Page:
We can’t argue about the fact that modern technologies are more highly used in the developed countries; the information revolution started in todays developed countries so it makes sense if they overpass developing countries in term of innovation (Rodriguez and Wilson, 2000). But during the phase of global diffusion, corresponding to the end of last century, extremely decisive, “the thesis of the new economy foreshadowed, not only concerning new growth trends in developed countries, but also expectations of a rapid catch-up by developing countries ” (Boyer, 2002 ). With the access to ICTs being more and more facilitated for some countries. The rapid development and diffusion of the information and communications technology (ICT) is the major driving force of the New Economy, the transition from an industrial/manufacturing-based economy. But we can notice that even in developing countries, the impacts of ICT can’t be always generalized as ICT access depend on the development of the country, Tunisia and India, for example, are both qualified as being part of developing countries but due to the differences in the size, infrastructure, culture, the political support and other factors, the impacts of ICT on them can be different.
In this paper, we will take the example of Tunisia, a developing country that I am from, starting with a study of the impact of ICT on developing countries in general and on Tunisia specifically showing the relationship between growth, productivity and ICT.
The complexity and diversity of the impacts of ICT are important reasons for the interest accorded to the phenomenon of ICT. However, these characteristics also may explain why the extent of the impact of ICT is not a simple task. Another major argument explaining the reason making the impacts of ICT difficult to measure is that any impact of one factor over another is difficult to identify as a positive correlation is not easily attributable to the relation cause/effect. (Von Braun, 2005)
The development of a new generation of information technology and communication (ICT) in the early 1990s has been associated with various assumptions such as the emergence of a new economy: the digital economy that can’t be measured only by the weight of the ICT sector but also by the impact of ICT on overall economic activity. During the decisive phase of global diffusion, corresponding to the end of last century, “the thesis of the new economy foreshadowed, not only new growth trends in industrialized countries, but also expectations of rapid catch-up by developing countries” (Boyer, 2002, p234)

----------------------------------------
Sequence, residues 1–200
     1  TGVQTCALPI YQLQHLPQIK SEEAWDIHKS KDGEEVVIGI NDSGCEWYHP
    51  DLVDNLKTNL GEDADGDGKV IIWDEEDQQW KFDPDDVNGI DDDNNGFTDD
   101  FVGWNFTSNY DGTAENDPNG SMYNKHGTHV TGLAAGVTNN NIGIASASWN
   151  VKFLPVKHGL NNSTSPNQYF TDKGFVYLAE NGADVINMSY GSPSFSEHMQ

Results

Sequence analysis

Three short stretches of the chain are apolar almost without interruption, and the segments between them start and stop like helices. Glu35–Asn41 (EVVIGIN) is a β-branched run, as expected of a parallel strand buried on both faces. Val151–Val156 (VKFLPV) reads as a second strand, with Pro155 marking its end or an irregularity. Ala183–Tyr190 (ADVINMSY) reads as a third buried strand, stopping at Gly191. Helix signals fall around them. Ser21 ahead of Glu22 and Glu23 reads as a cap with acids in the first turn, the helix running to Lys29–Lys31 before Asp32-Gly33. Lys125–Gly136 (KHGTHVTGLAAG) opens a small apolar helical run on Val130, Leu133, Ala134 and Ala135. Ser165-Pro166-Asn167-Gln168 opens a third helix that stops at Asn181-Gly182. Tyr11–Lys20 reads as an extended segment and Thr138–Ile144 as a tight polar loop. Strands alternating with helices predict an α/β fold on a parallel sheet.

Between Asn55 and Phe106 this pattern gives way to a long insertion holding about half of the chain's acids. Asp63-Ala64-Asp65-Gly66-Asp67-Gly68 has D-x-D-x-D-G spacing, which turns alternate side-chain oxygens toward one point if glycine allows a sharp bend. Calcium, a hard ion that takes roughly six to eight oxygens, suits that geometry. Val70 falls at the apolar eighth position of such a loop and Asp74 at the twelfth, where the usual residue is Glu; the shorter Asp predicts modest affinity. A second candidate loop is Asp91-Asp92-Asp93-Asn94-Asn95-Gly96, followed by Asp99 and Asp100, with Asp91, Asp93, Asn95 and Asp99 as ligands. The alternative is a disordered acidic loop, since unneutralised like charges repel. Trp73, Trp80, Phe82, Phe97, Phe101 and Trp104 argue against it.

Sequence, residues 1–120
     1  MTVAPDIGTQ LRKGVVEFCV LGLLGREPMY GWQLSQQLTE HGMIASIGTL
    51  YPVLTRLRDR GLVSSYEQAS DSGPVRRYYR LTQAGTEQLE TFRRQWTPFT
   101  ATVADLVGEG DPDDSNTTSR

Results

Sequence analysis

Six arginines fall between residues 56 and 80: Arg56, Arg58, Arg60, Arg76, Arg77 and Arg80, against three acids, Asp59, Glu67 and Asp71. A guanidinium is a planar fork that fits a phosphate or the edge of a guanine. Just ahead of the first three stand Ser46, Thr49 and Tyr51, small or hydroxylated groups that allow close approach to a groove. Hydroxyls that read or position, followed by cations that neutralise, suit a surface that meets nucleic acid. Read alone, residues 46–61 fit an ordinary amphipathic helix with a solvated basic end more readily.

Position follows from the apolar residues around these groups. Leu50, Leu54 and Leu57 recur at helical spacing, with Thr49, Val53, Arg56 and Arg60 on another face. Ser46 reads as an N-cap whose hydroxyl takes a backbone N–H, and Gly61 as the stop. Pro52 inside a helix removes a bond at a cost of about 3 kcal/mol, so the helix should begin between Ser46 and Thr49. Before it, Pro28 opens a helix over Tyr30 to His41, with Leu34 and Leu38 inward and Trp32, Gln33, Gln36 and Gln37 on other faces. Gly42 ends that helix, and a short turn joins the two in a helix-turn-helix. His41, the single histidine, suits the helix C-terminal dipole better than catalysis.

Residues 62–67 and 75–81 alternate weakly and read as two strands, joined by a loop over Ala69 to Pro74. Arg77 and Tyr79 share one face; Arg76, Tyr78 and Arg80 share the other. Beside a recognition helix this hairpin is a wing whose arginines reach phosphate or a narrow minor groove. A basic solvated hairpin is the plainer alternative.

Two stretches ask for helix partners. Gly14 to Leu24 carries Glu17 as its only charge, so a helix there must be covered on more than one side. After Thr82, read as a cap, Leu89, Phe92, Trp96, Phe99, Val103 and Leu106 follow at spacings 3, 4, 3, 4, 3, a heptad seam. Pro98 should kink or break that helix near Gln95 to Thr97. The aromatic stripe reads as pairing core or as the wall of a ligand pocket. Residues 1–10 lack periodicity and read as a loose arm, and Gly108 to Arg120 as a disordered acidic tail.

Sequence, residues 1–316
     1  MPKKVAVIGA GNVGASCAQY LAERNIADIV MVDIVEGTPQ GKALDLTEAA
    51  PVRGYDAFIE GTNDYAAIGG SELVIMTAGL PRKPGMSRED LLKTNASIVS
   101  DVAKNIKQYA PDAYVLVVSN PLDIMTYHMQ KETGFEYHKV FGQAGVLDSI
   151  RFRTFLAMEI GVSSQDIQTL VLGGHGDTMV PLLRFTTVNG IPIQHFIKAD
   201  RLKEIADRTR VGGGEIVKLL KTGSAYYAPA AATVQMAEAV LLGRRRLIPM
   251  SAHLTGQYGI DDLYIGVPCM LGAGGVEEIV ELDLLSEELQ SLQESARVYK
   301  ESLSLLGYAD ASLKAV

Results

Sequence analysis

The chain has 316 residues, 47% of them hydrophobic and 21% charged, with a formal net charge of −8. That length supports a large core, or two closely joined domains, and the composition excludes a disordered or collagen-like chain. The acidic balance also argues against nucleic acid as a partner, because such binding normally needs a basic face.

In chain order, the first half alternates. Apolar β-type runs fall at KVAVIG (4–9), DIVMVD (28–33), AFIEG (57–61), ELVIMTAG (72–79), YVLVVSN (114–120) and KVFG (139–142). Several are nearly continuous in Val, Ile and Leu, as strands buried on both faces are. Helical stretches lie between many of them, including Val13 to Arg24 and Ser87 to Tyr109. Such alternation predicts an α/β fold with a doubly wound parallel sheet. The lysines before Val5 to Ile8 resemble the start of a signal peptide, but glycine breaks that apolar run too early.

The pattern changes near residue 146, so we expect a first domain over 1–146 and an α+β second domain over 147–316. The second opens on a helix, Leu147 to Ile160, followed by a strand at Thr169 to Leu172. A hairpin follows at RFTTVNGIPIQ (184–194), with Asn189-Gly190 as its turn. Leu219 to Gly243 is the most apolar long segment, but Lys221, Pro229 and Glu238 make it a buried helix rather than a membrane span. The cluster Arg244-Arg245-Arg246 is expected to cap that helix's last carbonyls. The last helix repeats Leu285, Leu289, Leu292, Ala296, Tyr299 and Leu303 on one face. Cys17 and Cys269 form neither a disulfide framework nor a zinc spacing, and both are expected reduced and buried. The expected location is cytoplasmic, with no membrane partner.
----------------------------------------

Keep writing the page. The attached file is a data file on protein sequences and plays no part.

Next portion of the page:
In fact, ICT are indeed generic technologies, which means that they are used by all other activities; the role of supporting economic growth played by ICT is a necessary condition, but they are not enough. (stewards, 2002; Pohjola, 2002)
On the one hand, more recent theoretical and empirical studies in the literature discussed the positive impacts of ICT and mainly IT on productivity (Hitt and Brynjolfsson, 1996); Brynjolfsson and Yang, 1996), growth and development (Jorgenson and Stiroh, 1995; Mansell and When, 1998; Pohjola, 2000; and Pohjola, 2001), work place organization (Bresnahan, Brynjolfsson and Hitt, 1999), human capital development and skill upgrading Acemoglu, 1998; and Hwang, 2000). On the other hand, some recent studies in the literature show the potential negative impacts of ICT on some dimensions of economic development. The majority of the recent studies that focused on this side were mainly related to the debate that technical change is creative destruction, although it has some positive impacts to enhance economic development. However, on the other hand, it has also some negative impacts on some dimensions of economic development. For instance, some studies, discuss the negative impacts of ICT on employment and the labor market (. Aghion and Howitt, 1998; Freeman and Soete, 1985; Freeman and Soete, 1994; and Freeman and Soete, 1997). Part of this literatures states that ICT or IT is similar to various kinds of technical change in imposing the so called labour saving or skilled biased effect, through the displacement of some unskilled labour due to either reduction or elimination of some unskilled jobs.